This Free Utility Will Extend the Battery Life of Your Ancient MacBook

If you’re rocking an old MacBook, you probably don’t expect it to keep up with the latest and greatest – Apple’s silicon machine will obviously top this 5-year-old Intel Mac any day now. However, your aging laptop probably still has some life left. If yours gets very hot and the battery drains too quickly, a quick hack can make it run longer and longer.

Your first impulse to conserve battery power on an Intel-based MacBook may be to turn on power saving mode. This setting is definitely useful for slowing down the battery usage rate on your computer, but it does create a few problems. First, not all Intel Macs support Low Power Mode as it was only introduced with macOS Monterey . If yours doesn’t support Monterey, you obviously won’t have a choice.

Secondly, we don’t really know much about how power saving mode works on a Mac. We can assume that this feature reduces performance, background tasks, data fetching, and other resource-intensive processes, but Apple does not disclose exactly how. The company is more transparent about how power saving mode affects iPhones and iPads; for Mac they just say it ” manages power-hungry applications and processing “.

It’s safe to say that Low Power Mode modifies your Mac’s performance in several ways to improve battery life. That’s all well and good, but it might be a little overkill. Instead, look for the likely culprit behind overheating and battery drain on your Intel Mac: Turbo Boost.

Turbo Boost drains your Intel MacBook battery

Turbo Boost is an Intel feature designed to put more computing power into a computer chip for use when you need it. For most tasks, your Mac’s processor maxes out at its base processing speed, say 2.7 GHz. When the computer feels it needs more processing power, it can turn on Turbo Boost to temporarily speed up the processor to, say, 3.6 GHz. In theory, this is a reasonable way to balance portable processor performance with solid battery life. However, even though Turbo Boost only works intermittently, when it kicks in it can kill your Mac’s aging battery. It can also heat up old Intel chips, and if they get too hot, your machine’s performance will be degraded anyway, defeating the intended purpose of Turbo Boost.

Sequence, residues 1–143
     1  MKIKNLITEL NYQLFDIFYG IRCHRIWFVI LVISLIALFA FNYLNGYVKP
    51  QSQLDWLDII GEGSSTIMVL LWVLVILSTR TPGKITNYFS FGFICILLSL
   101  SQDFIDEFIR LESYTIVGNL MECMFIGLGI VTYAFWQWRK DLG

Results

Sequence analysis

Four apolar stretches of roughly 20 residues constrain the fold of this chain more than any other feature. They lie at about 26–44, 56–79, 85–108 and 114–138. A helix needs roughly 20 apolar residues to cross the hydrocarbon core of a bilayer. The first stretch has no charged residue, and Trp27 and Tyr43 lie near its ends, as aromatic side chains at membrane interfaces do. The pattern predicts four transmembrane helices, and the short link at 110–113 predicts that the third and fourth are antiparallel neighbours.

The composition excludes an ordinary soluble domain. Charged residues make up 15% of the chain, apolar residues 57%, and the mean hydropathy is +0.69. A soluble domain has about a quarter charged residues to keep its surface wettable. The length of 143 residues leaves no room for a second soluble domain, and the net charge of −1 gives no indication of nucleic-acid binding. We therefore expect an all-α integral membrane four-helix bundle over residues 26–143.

Personally, I value longer battery life over performance, especially when I’m on battery. If you agree, tryTurbo Boost Switcher . This free utility allows you to turn Turbo Boost on and off at any time. So, whether you’re writing an email or editing a video in Final Cut Pro, your Mac’s processor will never overclock. This simple change can save hours of battery life and keep the laptop cool and the fan speed low. To let you know exactly how it works, Turbo Boost Pro allows you to constantly monitor your CPU speed and temperature.

Turbo Boost Switcher claims to reduce battery usage by 25% and CPU temperatures by 20%, although it only cites a 2015 blog post as evidence . However, the reviews are mostly positive and I personally had a good experience with it. While it may or may not reach those high scores, it will likely improve your overall MacBook experience.

The app is great to use in its free form (although it often asks for your Mac’s password), but the paid “Pro” version offers some interesting extras. You can set the utility to automatically turn Turbo Boost on or off when your battery gets too low, when you open certain apps, when your CPU temperature and fan speed reach a certain threshold, or when you power off, for example. Turbo Boost Switcher Pro also only asks for your password once, which could cost $10 right now.

Paid or free, the core function is the same: whenever you’re willing to trade a potential performance boost for extra battery life, Turbo Boost Switcher makes it possible without worrying about macOS stalling other processes in the background.

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